What made Arnold Palmer the King of Charisma - Insights from Patti Wood, Body Language Expert

What made Arnold Palmer the
King of Charisma

USA TODAY Sports' Lorenzo Reyes was on hand during what was an emotional day as family and friends of Arnold Palmer gathered to celebrate the late golfer's life. USA TODAY Sports

Thousands of people are expected to gather Tuesday in Latrobe, Pa., for a memorial service honoring the Arnold Palmer, known as "The King" of golf but also considered a king of something else —charisma.
Two experts on the subject explained for USA TODAY Sports what made Palmer so charismatic and, in turn, made people so fond of the legendary golfer who died Sept. 25 at the age of 87.
Countless photos show Palmer flashing his signature smile — open mouthed and revealing his front teeth, noted Patti Wood, an expert in body language and nonverbal communication.
“Most boys stop doing that at the age of 5 unless they’re very joyful,’’ said Wood, author of SNAP: Making the Most of First Impressions, Body Language and Charisma. “But he gave that smile all the time. And the crinkles around the eyes showed a sincere, real smile. You just see it over and over and over again."
The smile is encompassed in what Wood cites as charisma’s three categories — likability, attractiveness and power. Likability also includes laugh, and Wood said Palmer had a world-class laugh.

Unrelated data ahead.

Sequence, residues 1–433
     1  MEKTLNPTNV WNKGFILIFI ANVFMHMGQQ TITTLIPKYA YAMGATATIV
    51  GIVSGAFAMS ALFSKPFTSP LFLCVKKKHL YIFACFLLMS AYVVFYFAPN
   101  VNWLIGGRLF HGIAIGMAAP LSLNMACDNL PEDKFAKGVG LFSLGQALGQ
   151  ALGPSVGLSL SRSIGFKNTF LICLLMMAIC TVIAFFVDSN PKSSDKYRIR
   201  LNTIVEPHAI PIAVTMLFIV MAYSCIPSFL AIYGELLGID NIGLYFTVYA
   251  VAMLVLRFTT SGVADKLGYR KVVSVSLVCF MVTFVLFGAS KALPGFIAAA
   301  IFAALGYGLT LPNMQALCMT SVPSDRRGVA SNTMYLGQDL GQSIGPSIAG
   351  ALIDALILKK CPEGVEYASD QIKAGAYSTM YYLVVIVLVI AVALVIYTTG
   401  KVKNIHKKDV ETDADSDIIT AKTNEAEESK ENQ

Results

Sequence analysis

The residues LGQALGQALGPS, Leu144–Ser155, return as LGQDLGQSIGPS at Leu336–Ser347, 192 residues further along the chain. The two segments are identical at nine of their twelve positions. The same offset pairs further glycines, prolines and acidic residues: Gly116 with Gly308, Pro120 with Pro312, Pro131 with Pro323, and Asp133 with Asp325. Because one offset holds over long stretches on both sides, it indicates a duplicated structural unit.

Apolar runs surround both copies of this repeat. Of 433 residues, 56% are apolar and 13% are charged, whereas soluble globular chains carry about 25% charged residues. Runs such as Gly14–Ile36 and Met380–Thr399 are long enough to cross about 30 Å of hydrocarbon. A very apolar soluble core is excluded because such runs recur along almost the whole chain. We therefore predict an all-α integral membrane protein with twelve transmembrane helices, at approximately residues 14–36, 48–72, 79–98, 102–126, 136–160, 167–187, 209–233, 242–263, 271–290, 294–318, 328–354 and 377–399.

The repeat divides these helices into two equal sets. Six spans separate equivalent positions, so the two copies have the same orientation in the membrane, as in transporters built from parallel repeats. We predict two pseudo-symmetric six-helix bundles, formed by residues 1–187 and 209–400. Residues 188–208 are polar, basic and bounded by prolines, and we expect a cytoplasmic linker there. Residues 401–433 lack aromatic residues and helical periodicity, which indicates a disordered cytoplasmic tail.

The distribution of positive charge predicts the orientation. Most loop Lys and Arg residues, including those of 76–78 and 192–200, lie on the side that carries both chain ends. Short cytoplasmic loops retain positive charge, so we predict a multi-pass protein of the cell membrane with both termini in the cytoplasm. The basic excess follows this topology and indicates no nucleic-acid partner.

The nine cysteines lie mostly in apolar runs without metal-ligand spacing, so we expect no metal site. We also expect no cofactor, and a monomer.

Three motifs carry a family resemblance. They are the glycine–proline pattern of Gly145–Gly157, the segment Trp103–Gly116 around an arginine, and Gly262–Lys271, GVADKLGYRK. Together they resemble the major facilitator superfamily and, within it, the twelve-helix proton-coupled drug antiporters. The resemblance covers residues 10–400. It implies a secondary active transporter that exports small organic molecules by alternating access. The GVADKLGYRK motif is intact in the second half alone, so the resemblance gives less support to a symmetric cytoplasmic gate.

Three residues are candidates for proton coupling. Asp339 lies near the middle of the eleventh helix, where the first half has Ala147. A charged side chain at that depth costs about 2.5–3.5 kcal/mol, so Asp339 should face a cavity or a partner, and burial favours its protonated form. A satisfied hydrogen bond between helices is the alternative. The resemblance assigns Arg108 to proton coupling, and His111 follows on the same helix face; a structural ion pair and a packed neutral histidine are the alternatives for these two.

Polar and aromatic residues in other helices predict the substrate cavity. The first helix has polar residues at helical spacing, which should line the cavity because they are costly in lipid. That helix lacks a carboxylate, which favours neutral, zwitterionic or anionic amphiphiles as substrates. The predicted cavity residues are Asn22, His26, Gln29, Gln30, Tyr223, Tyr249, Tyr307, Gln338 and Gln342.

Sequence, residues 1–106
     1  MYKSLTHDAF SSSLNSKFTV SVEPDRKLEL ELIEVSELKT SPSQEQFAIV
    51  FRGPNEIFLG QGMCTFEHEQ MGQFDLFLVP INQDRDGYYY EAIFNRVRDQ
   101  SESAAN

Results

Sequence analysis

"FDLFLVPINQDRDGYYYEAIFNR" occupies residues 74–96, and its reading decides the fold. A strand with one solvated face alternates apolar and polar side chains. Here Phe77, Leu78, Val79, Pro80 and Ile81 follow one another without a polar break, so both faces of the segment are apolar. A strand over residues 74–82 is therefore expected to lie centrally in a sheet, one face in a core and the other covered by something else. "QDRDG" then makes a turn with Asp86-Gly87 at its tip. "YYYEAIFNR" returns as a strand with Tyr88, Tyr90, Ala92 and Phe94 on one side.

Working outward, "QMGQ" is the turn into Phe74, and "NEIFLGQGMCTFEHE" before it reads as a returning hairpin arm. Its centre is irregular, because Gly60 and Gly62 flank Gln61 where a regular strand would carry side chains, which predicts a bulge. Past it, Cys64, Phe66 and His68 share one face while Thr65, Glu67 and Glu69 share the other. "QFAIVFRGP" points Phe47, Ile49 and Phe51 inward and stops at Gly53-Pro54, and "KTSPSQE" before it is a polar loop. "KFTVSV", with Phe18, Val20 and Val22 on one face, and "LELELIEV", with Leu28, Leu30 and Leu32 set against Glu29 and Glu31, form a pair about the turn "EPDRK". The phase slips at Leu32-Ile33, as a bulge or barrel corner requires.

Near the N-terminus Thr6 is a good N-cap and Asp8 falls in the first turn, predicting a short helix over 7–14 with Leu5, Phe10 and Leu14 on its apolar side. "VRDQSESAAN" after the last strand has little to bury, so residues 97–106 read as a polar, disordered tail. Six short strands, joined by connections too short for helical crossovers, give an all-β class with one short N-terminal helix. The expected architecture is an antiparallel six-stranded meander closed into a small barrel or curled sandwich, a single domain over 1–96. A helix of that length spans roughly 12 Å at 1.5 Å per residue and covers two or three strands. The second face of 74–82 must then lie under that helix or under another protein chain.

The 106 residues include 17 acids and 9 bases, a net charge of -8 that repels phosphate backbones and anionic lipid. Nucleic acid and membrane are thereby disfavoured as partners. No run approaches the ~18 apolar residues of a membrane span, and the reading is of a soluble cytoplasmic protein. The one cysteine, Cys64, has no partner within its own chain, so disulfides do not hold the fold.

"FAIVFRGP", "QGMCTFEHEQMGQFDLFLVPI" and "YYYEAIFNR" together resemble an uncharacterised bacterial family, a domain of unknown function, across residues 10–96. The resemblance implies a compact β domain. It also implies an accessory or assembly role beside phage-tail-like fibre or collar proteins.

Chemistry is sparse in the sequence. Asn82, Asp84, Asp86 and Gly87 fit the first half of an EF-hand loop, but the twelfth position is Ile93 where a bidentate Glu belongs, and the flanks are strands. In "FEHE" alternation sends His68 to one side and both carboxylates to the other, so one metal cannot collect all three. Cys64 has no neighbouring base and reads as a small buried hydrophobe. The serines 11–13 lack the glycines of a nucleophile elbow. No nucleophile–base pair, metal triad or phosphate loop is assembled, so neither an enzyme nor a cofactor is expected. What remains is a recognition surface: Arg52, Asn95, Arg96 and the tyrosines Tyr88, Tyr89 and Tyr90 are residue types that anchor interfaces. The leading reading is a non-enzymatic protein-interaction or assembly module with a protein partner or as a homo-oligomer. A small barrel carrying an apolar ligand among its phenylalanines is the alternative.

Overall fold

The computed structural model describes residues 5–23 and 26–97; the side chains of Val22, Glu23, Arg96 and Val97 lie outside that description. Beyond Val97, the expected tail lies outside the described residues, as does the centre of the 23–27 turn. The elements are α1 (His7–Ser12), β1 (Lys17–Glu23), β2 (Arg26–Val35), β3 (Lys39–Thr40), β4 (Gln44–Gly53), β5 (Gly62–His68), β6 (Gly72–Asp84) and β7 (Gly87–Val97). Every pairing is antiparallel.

“His jaw would drop down, so he had a large, open mouth,’’ Wood said. “And the sound of his laugh was deep and just very warm and strong at the same time."
Palmer’s attractiveness, well, Wood suggested that requires little expert research.
“Blond and gorgeous,’’ she said. “Handsome and well dressed. He just had some of those classic characteristics of Adonis-like attractiveness.’’
Jennifer Withelm, an international speaker on charisma, said that Palmer wasn’t perfect and neither was his swing. More importantly, she said, he had great integrity.
“He played golf raw, ferocious and unorthodox and was an enormously good golfer nevertheless,’’ Withelm wrote it an email. “Palmer had rough edges and was a great role model for a charismatic person. You don’t have to be perfect. You just have to be full of integrity.’’
Controlled emotions also bolstered Palmer’s charisma, according to Withelm.
“Yes, Palmer showed emotions,’’ she said. “But he was always aware of his emotions, even when he lost. No uncontrolled fits of rages, just pure confidence in his ability to win.
“But Palmer was not always perfect in this personality characteristic. There were times in the 1960s where he wanted to win too badly and lost because he became a high flyer. Over time he got better in tranquility.’’
The rise of TV also captured Palmer’s extroverted ways, evidenced by his interaction with fellow players and fans, and that reflected his charisma, according to Withelm.
“Charisma is a relational phenomenon,’’ she said. “It’s no use to sit in your closet all alone and say: ‘Wow, I am charismatic!’ ” No one will see it.’’

Patti Wood, MA, Certified Speaking Professional - The Body Language Expert. For more body language insights go to her website at www.PattiWood.net. Check out Patti's website for her new book "SNAP, Making the Most of First Impressions, Body Language and Charisma" at www.snapfirstimpressions.com.